HTML and CSS Reference
In-Depth Information
which would match any element with an id of "p2 . " Immediately, you should think that
this implies that more than one element can share id values—why else would we need to
be more specific than a simple id rule? Well, within a single document, that is correct, and it
is not appropriate to have markup like
<p id="p2"> I am a correctly identified paragraph </p>
<div id="p2"> Wait you already used that id value! </div>
<p> Not <span id="p2"> again!!!! </span> You already used the value p2! </p>
and then use style rules like
p#p2 {color: red;}
div#p2 {background-color: blue; color: white;}
span#p2 {color: blue;}
However, such rules would make sense if this were a linked style sheet used site-wide
and we had different elements in different documents all named "p2 . " The author considers
such usage bad style as it assumes that page content is always found within the same
document and will never move, which is not always the case. A site-wide unique id
approach would solve such future problems and would alleviate the need for this type of
class Rules
The class attribute is used to define the name(s) of the class(es) to which a particular tag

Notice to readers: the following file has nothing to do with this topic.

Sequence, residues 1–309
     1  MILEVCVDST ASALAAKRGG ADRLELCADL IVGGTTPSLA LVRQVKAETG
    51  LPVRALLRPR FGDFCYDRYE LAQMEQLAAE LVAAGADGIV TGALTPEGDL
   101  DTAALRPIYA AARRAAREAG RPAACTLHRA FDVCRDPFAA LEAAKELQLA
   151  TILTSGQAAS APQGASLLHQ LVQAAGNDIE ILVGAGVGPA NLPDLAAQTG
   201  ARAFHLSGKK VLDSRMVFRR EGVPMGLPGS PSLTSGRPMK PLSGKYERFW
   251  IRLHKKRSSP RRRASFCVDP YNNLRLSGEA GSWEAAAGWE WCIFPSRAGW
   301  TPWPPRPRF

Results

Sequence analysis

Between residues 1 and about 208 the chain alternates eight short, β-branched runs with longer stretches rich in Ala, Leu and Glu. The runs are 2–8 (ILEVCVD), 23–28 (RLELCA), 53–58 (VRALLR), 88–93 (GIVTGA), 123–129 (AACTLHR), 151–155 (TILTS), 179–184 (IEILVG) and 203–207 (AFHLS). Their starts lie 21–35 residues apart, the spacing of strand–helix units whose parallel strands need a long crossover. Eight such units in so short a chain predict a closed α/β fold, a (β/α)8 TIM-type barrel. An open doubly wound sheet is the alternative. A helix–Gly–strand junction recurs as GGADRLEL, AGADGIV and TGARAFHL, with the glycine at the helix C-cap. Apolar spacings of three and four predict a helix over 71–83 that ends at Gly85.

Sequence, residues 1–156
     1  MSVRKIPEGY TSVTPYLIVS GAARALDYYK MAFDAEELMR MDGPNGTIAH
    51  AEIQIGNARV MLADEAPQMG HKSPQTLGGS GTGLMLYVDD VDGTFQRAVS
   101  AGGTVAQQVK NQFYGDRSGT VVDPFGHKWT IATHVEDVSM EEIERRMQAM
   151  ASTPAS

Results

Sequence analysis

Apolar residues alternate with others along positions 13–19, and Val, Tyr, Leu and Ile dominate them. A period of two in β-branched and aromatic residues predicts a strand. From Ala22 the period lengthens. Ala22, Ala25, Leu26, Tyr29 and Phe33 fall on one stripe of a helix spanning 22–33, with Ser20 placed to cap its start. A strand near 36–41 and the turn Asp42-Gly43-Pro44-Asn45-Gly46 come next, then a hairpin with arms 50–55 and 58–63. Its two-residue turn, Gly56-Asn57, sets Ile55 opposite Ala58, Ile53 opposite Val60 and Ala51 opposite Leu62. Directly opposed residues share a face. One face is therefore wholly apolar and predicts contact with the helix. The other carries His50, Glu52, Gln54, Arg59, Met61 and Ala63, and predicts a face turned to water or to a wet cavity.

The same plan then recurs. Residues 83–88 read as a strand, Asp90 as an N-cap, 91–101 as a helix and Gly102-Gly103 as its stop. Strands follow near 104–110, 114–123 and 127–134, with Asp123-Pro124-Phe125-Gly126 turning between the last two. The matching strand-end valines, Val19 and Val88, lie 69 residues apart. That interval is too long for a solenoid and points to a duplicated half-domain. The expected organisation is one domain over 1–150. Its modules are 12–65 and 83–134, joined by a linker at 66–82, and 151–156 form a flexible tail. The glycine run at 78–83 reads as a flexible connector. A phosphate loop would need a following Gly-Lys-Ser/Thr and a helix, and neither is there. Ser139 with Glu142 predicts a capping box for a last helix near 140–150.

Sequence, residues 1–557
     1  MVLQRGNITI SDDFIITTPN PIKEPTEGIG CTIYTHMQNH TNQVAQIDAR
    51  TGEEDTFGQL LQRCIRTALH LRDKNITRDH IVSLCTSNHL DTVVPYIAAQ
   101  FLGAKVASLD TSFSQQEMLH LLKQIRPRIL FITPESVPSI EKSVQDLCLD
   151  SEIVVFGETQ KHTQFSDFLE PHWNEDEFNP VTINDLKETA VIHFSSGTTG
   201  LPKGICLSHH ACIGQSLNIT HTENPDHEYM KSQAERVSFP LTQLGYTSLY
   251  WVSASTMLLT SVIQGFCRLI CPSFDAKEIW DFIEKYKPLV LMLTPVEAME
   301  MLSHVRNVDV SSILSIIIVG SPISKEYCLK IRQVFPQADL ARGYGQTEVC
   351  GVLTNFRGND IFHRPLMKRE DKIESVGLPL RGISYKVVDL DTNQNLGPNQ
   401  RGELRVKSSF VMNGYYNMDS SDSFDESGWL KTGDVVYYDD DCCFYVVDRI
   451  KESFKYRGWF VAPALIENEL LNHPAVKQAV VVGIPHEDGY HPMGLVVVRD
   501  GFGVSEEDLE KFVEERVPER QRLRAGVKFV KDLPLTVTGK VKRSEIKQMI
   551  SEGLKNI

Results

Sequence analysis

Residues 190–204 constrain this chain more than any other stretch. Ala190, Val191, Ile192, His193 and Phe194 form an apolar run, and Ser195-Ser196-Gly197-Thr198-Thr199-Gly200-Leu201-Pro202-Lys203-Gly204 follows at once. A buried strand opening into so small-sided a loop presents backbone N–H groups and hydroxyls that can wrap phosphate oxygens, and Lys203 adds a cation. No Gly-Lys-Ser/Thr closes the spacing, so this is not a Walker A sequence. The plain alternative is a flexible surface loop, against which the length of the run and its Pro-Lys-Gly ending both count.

belongs. Unlike id values, class values don't have to be unique because many elements
can be members of the same class. In fact, elements don't even have to be of the same type
to be in a common class. Writing rules for classes is easy: simply specify the class name of
your own choosing, such as “nature,” with a period before it as the selector:
.nature {color: green;}
The use of class is illustrated here:
<!DOCTYPE html>
<meta http-equiv="Content-Type" content="text/html; charset=utf-8">
<title> Class Selector Example </title>
<style type="text/css" media="all">
.veryimportant {background-color: yellow;}
<h1 class="veryimportant"> Example </h1>
<p class="veryimportant"> This is the first paragraph. </p>
<p> This is the second paragraph. </p>
<p class="veryimportant"> This is the third paragraph. </p>
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